Not all that long ago, the vegetarians and vegans of Dublin dreaded eating out; knowing they would be judged by impatient waiters and inevitably limited to some sad, wilted salad. However, after a massive shift in Ireland’s attitude towards meat consumption, those days are well and truly gone. High-quality vegan and vegetarian cuisine has hit Dublin just as hard as doughnut mania, not only filling a gap in the market, but providing genuinely delicious, environmentally friendly options to restaurant goers. As an omnivore, I find myself eating at a vegan restaurant at least once a fortnight – not only for environmental reasons, but because I have genuinely started to crave some of the best vegan and vegetarian dishes Dublin has to offer. With this in mind, I thought that the first of Trinity News’ new Food and Drink series should give Trinity students a taste of the culinary delights that some might otherwise dismiss as glorified rabbit food.
Sova Vegan Butcher
Pleasants Street, Saint Kevin’s, Dublin 8
Best for: novelty
An oxymoron if I ever saw one, Sova Vegan Butcher has a huge range of vegan “meats” on offer, from the Pulled “Porc” Bap to chickpea and polenta “Meatbalss”. It’s definitely worth going all out here considering that they offer a three course meal for just €24.90. The drink is cheap, and hallelujah – it’s also BYOB. However, be careful of the unusual opening hours, as Sova is closed on Mondays and doesn’t serve dinner on Sundays.
“A well cooked carrot dog when drunk is wonderful, but a poorly cooked carrot dog when sober is deeply upsetting.”
Blessington Street, Inns Quay, Dublin 2
Best for: vegan junk food
Having only opened a year ago, Vish is certainly one of the lesser known spots on this list, but still an absolute essential when it comes to vegan junk food. Basically a vegan chipper, Vish comes from the creator of Veginity, Mark Senn, and you can find everything from Vish and Chips, to cauliflower wings on their expertly curated menu. If any of this sounds familiar, you might be getting flashbacks to Eatyard at the Bernard Shaw, where Vish often makes a guest appearance. My top recommendation here is an order of the Veginity cheeseburger, loaded Korean kimchi, and smoky tofu bacon chips (these fries will change your life). Also worth a go is the Carrot Dog, which is a creative take on a traditional hot dog. Unfortunately, however, you’ve got to be careful with this one. A well cooked Carrot Dog when drunk is wonderful, but a poorly cooked Carrot Dog when sober is deeply upsetting. Other great things about Vish include the relaxed staff and the fact that they use compostable containers.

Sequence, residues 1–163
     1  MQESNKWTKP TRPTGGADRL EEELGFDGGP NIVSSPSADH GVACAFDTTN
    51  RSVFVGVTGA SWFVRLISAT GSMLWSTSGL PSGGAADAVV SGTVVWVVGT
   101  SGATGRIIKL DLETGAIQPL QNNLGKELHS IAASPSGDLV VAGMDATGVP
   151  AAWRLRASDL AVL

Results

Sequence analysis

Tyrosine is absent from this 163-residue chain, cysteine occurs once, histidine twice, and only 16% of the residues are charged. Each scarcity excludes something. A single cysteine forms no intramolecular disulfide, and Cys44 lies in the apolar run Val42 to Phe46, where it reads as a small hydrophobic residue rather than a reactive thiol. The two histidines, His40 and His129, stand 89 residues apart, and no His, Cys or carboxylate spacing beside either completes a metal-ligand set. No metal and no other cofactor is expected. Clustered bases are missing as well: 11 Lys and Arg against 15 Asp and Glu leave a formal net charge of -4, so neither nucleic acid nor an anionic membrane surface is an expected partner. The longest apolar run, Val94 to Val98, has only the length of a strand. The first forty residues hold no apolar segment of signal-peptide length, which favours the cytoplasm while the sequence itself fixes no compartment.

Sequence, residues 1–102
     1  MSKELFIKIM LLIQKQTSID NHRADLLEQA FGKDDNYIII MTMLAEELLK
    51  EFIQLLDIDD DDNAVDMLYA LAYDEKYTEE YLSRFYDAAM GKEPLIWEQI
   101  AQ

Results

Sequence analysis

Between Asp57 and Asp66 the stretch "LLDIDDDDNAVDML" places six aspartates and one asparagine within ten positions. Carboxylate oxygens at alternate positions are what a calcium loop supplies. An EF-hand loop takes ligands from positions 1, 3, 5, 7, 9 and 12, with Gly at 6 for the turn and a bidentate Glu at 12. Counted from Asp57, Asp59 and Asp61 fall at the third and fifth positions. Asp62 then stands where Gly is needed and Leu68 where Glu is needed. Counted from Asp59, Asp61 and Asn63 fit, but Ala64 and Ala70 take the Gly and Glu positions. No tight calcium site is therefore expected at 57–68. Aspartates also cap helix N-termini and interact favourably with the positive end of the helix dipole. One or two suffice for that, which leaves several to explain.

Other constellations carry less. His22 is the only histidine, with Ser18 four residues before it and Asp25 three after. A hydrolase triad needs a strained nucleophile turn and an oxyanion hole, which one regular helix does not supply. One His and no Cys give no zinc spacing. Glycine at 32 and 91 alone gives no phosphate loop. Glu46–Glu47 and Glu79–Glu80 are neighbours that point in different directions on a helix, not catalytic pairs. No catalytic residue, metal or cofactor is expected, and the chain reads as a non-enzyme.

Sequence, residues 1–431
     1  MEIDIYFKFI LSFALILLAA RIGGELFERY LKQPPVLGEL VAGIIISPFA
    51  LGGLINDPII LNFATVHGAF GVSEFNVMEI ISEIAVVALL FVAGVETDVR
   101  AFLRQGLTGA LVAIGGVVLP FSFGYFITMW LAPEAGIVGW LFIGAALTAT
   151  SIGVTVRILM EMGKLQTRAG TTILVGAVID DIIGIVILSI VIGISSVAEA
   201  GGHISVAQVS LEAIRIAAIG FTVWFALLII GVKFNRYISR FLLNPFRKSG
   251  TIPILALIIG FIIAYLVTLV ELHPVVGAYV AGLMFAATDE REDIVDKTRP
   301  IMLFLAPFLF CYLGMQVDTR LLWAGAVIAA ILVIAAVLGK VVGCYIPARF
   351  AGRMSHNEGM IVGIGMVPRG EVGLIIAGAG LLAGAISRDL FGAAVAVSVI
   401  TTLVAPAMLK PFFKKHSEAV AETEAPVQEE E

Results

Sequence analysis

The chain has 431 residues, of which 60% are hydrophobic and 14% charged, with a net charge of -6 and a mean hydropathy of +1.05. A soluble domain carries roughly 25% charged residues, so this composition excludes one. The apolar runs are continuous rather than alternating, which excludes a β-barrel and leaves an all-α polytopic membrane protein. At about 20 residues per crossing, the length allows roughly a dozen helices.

Camden Street, Dublin 2
Best for: veggie burgers
Tucked away down an alley on Camden Street, Happy Food has the perfect menu to convince a non-believer that vegetarian food can be more than just salads. The Sloppy Joe is a black bean, sweet potato and sunflower seed burger with cheese, tofu bacon, onion and aioli, and you won’t find a better vegetarian burger in Dublin. The menu is mid-range in price with a main course, chips and a drink coming to about €13 – worth it considering the quality of Happy Food meals. In saying that, you’re certainly not paying for service. At Happy Food, you order and pay at the counter, which can be a painfully slow system when the vegans in front of you are asking about the exact nutritional information of tofu bacon and whether the sunflower seeds are organic (yes, this happened to me once and ordering took 20 minutes). Finally, it must be said that the desserts are not to be missed. The small selection varies from week to week, but never fails to impress. I recommend the vegan banoffee. It is admittedly a weird concept, but don’t knock it ‘til you try it.
Wicklow Street, Dublin 2
Best for: strong track record
The most renowned restaurant on this list, Cornucopia has been a hub for vegetarians and vegans in Dublin since 1986. The food is fresh and varied, it has an ethical ethos and the owners have had thirty years to hone their craft. The capacity has been expanded to a total of 120 seats so you’ll always find a table, but once again, it’s counter service with vegans involved so ordering can take a while. In my opinion, however, it’s worth braving the queue to sample what Cornucopia has to offer. Get the garlic potato salad or hit up the lunch special for €10.50 (small soup, small salad, bread & paté). Beware of exotic soup flavours though – a few of Cornucopia’s various soup creations have left me confused and vaguely unsatisfied. All in all, Cornucopia is a true Dublin institution and a vital addition to this list (if a little pricey).
“Their ever-changing variety of soups and salads shows a flair for creativity and attention to detail.”
Blazing Salads Food Co.
Drury Street, Dublin 2
Best for: salads good enough to replace your yearning for chicken wings
A cosy little deli on Drury Street, Blazing Salads is a multi-award winning, family-run business that serves organic vegetarian and vegan salads, meals to go, smoothies, and much more. Fairtrade and seasonal are two words heavily emphasised by Blazing Salads, marking them out as an ethical dining option in Dublin. Meanwhile, their ever-changing variety of soups and salads shows a flair for creativity and attention to detail. Tasty examples include a roasted aubergine and tomato soup, and steamed broccoli with toasted sunflower seeds and soya sauce, both of which beat a sad Buttery salad any day.